The first comes from Marco Abella and it is their Loidana, vintage 2009.  This wine has great balance, structure, and although it has power, it exudes a delicate formation of 37% Garnacha, 31% Carignan, 22% Cabernet Sauvignon, and 10% Syrah.  Straight out of the bottle, this wine shows masterfully.  With hours of air, it continues to improve.  As the winemaker shared with me, “all the care in the vineyard is strictly by hand.”  The love and passion they put forth in their wines is completely apparent in this bottle.  On the nose, I get red fruits especially strawberry.  On the palate, the flavors of blackberries, dark cherries, cassis, licorice, white pepper and spice protrude through the finish.  There is even a hint of dark chocolate, leather, and tobacco on the back layers.  It has nice acidity and round tannins.  I  give this young wine 92 pts and will revisit in a few years, expecting it to only improve with age.  It is distributed through the Terlato family and is found in the United States priced under $30 per bottle.  I would recommend enjoying this wine through 2020.

The second wine comes from Cellars Unio and is their 2009 Roureda Llicorella Gran Seleccio Vitis 60.  It consists of 40% Grenache, 40% Carignan, 10% Syrah, and 10% Cabernet Sauvignon. On the nose, light pepper and ripe black fruit are present but not overwhelming.  The wine is well balanced with flavors of dark berries, blueberries, wild berries, tobacco, licorice, and peppery flavors.  It is firmly structured and has firm tannins. This bottle was imported in the United States by Grape Expectations, Inc.  It can be found priced in the mid $20s. I give this wine 89 pts and believe it has some potential to improve over the next few years.

The last Priorat wine we experienced, is the 2005 Noster Inicial.  It consists of 70% Grenache, 25% Carignan, and 5% Cabernet Sauvignon.  You would never guess that it is predominately Grenache as it comes in big and seemingly high in alcohol.  This dissipates over a couple hours after opening to round out.  It has a nose of smoke, spices, and dark berries.  The black cherry and dark fruit flavors unfold with licorice and raisins with a bit of dusty tannins in your mouth.  For a wine found around $15, it is quite a bargain and I would give it 88 pts.  I would recommend allowing this wine to breathe for a couple hours and enjoying by 2017.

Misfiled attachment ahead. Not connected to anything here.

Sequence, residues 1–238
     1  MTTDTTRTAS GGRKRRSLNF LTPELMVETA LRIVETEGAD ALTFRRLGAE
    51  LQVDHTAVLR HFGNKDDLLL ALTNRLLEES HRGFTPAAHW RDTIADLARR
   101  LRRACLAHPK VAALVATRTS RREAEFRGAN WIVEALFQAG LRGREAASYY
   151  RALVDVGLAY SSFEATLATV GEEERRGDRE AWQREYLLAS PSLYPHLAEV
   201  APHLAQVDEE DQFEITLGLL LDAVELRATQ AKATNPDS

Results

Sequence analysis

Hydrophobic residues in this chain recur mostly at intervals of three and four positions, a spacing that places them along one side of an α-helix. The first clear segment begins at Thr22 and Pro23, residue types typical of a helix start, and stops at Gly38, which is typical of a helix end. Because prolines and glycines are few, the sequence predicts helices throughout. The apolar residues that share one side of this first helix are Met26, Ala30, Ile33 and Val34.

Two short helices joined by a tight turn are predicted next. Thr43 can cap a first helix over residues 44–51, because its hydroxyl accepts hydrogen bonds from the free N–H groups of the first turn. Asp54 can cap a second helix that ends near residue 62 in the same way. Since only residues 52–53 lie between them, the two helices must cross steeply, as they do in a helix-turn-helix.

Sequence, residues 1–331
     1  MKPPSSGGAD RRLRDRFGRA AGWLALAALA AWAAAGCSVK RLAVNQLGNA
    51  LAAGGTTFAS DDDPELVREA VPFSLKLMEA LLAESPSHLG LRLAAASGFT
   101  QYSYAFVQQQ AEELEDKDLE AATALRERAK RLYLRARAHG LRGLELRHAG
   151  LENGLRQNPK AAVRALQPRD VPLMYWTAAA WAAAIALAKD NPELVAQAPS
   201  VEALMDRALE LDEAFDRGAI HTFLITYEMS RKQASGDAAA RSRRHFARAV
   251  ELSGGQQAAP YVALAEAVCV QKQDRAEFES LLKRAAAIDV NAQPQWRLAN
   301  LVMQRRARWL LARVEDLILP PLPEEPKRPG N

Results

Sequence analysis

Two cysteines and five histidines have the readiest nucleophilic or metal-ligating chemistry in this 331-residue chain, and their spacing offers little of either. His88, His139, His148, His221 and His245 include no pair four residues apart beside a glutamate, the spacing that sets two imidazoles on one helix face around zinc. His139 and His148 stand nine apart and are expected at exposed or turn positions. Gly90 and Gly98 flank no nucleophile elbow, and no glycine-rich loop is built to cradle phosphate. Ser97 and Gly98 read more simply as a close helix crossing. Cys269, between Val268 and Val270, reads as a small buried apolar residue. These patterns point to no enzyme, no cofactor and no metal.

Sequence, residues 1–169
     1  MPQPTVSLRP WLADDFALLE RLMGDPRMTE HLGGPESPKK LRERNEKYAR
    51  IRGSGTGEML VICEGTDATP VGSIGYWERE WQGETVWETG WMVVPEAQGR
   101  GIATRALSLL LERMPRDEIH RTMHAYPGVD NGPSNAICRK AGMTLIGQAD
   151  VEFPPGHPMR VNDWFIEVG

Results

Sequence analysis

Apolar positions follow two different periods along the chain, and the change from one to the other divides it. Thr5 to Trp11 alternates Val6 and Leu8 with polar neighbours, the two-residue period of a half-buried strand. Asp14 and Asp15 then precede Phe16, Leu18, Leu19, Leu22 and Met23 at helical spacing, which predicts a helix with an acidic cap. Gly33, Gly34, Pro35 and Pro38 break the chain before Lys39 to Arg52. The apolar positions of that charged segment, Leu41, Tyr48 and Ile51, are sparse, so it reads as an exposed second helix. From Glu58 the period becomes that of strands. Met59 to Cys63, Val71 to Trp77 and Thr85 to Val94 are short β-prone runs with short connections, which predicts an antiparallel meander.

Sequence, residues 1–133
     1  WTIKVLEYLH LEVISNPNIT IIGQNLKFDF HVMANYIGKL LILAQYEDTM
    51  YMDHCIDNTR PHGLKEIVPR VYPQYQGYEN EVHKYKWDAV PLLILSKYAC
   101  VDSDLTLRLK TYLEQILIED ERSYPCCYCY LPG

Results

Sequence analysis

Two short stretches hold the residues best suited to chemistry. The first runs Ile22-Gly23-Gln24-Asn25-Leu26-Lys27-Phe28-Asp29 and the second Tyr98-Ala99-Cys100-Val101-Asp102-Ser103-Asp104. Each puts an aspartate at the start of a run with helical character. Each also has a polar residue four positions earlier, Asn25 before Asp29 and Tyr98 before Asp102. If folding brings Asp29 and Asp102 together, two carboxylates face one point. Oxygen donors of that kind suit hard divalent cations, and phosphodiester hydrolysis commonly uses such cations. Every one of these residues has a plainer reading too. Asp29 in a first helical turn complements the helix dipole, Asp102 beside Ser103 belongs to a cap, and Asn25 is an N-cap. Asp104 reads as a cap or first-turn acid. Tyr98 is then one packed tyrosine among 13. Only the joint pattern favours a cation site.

Although I think you cannot go wrong with the region of Priorat, depending on your price point you can find wines that are approachable at their youth or bottles that are age worthy and only going to continue to impress for years to come.

Cheers!

Stags Leap: history spanning over three centuries in Napa

Stags Leap Sunset

Stags Leap-Chimney Rock Vineyards

One of my favorite appellations in Northern California, Stags Leap, boasts a long and storied history.  With the unique soils of coarse loam, clay, and filled with rocks, it produces an unfair abundance of amazing wines. Wineries such as Regusci, Shafer, Clos Du Val and Stags Leap helped establish this region and put it on the map decades ago.